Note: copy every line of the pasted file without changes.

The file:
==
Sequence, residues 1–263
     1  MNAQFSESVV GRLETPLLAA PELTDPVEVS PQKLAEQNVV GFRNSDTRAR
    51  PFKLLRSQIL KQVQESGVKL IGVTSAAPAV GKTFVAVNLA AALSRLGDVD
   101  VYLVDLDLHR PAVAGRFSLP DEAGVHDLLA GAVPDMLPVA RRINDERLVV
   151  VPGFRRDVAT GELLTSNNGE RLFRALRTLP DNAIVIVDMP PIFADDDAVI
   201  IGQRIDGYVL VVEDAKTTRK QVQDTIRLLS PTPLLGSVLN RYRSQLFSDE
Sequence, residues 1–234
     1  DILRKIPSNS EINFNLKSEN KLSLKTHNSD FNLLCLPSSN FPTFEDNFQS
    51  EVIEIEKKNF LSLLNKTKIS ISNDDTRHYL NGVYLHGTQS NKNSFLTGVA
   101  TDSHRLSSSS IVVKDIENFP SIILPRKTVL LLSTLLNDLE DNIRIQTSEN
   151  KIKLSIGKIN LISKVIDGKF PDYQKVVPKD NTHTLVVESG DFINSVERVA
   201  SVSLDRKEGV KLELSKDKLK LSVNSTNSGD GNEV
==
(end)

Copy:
Sequence, residues 1–263
     1  MNAQFSESVV GRLETPLLAA PELTDPVEVS PQKLAEQNVV GFRNSDTRAR
    51  PFKLLRSQIL KQVQESGVKL IGVTSAAPAV GKTFVAVNLA AALSRLGDVD
   101  VYLVDLDLHR PAVAGRFSLP DEAGVHDLLA GAVPDMLPVA RRINDERLVV
   151  VPGFRRDVAT GELLTSNNGE RLFRALRTLP DNAIVIVDMP PIFADDDAVI
   201  IGQRIDGYVL VVEDAKTTRK QVQDTIRLLS PTPLLGSVLN RYRSQLFSDE
Sequence, residues 1–234
     1  DILRKIPSNS EINFNLKSEN KLSLKTHNSD FNLLCLPSSN FPTFEDNFQS
    51  EVIEIEKKNF LSLLNKTKIS ISNDDTRHYL NGVYLHGTQS NKNSFLTGVA
   101  TDSHRLSSSS IVVKDIENFP SIILPRKTVL LLSTLLNDLE DNIRIQTSEN
   151  KIKLSIGKIN LISKVIDGKF PDYQKVVPKD NTHTLVVESG DFINSVERVA
   201  SVSLDRKEGV KLELSKDKLK LSVNSTNSGD GNEV